I was reminded of Nathaniel Philbrick's book Mayflower recently, when I read an article about changes the U.S. Forest Service had made concerning national forests and grasslands.
When the Puritans arrived in November of 1620 on a cold, bleak day, in what is today the area of Cape Cod, they observed there were far more trees than what they'd ever seen in Holland or the coast of England. And they hadn't yet discovered the "real" forests that once covered much of North America.
The Forest Service now says that the public will no longer be able to appeal "long-term plans" but will be able to be involved and participate in the planning process from its beginning. It's difficult to say exactly what this means, but given George Bush's environmental record, a healthy skepticism is not unwarranted. It would be wise to let the new Democratic controlled Congress in January know we're not supporting tree farms for the timber industry nor suburban housing on the nation's grasslands.
There is some good news, apparently, regarding forests worldwide. According to a study done within the National Academy of Science, we've had a significant "reforestation" in the past 15 years in almost half of the countries with the most forests.
The study also seems to confirm the connection between general forest improvement and a nation's standard of living, agricultural practices, education and competent government.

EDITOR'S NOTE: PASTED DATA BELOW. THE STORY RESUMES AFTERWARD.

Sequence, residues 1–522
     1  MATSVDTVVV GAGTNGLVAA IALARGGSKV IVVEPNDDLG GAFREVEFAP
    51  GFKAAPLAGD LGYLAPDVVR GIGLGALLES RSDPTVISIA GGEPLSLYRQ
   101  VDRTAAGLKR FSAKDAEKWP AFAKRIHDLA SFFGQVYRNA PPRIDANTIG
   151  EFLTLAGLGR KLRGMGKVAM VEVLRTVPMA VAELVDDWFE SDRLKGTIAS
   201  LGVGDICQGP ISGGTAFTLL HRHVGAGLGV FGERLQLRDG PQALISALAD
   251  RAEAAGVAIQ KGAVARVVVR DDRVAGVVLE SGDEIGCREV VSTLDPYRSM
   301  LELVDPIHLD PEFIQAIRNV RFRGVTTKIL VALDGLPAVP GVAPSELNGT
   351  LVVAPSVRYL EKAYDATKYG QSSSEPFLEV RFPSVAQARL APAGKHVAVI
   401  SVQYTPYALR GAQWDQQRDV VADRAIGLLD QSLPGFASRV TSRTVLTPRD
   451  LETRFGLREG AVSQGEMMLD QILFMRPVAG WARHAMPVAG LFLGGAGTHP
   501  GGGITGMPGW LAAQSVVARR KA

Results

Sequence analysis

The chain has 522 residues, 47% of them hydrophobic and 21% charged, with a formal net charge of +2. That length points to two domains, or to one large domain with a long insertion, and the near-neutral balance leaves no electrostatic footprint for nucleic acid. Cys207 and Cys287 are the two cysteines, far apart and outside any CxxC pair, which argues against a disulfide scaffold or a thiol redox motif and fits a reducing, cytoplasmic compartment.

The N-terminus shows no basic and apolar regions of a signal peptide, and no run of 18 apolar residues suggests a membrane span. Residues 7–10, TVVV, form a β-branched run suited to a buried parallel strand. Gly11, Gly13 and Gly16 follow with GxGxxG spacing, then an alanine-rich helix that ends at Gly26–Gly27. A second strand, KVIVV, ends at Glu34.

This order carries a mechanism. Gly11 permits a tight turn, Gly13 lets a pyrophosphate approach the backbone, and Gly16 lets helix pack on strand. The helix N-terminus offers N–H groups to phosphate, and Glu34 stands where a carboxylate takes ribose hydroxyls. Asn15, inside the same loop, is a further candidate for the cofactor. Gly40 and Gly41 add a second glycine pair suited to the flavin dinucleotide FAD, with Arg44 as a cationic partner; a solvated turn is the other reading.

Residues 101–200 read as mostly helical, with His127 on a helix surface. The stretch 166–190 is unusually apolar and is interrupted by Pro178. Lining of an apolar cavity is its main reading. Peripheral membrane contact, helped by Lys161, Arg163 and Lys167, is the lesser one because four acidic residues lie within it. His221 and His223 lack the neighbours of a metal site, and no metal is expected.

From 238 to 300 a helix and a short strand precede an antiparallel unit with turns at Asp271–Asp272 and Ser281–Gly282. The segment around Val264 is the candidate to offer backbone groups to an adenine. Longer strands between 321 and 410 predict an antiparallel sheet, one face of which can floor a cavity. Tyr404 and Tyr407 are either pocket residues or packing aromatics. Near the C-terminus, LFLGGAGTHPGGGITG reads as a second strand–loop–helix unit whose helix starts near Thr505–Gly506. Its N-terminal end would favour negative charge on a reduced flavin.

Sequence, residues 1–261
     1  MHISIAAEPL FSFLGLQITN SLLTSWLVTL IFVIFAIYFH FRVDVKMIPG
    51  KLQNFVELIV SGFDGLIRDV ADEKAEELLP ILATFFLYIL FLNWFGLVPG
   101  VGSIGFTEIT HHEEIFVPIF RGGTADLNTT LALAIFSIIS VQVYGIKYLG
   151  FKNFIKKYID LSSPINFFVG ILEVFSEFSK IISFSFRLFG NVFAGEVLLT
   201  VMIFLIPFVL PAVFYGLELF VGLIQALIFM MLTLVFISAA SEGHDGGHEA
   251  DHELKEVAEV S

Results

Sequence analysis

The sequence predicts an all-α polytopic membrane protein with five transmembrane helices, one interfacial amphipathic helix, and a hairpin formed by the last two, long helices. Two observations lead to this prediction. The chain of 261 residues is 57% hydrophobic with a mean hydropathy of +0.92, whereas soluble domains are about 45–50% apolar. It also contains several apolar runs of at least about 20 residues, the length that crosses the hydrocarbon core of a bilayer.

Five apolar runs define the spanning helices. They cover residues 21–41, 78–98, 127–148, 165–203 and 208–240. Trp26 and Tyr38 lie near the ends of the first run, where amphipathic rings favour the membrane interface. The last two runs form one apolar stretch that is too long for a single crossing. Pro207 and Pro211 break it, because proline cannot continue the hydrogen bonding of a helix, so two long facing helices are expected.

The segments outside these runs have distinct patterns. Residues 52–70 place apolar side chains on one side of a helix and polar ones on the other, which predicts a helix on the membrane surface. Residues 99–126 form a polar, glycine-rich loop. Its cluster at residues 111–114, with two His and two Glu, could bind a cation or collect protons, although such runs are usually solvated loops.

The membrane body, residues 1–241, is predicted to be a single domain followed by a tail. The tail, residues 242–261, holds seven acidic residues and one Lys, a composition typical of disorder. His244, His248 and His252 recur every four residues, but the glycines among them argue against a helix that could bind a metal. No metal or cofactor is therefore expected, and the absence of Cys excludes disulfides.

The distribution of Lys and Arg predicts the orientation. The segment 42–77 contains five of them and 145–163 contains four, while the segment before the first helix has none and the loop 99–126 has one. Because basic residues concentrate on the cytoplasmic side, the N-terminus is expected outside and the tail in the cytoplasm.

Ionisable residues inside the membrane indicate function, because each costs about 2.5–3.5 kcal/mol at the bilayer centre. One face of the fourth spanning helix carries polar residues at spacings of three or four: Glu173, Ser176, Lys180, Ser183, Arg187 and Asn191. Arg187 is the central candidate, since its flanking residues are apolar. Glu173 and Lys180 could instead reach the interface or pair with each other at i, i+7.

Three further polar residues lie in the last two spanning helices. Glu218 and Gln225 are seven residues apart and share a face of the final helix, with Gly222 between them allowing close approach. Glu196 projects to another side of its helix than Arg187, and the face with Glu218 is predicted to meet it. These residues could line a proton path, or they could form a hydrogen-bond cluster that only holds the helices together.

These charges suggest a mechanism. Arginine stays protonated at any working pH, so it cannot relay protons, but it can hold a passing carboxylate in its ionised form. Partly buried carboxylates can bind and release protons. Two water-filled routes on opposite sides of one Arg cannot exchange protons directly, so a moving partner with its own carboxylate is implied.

At the same time, tropical forests are being destroyed in various developing countries because of greed, corruption, poverty, ignorance and the lack of competent government. We in the developed world have a clear responsibility as consumers--if nothing else. We cannot remain passive bystanders and just look for what is called "cheap." Nothing ultimately is.
While I enjoy hiking and climbing, there are some practical reasons why we want healthy forests everywhere on this planet. Beyond the obvious fact that trees absorb carbon dioxide, forests also encourage biodiversity and slow erosion, essential to our well being as humans. Healthy forests also provide clear economic benefits, whether it's lumber for building homes or paper we use for any number of things.
Find some woods, take a walk and leave the cell phone at home. Be grateful you can stroll with a tree.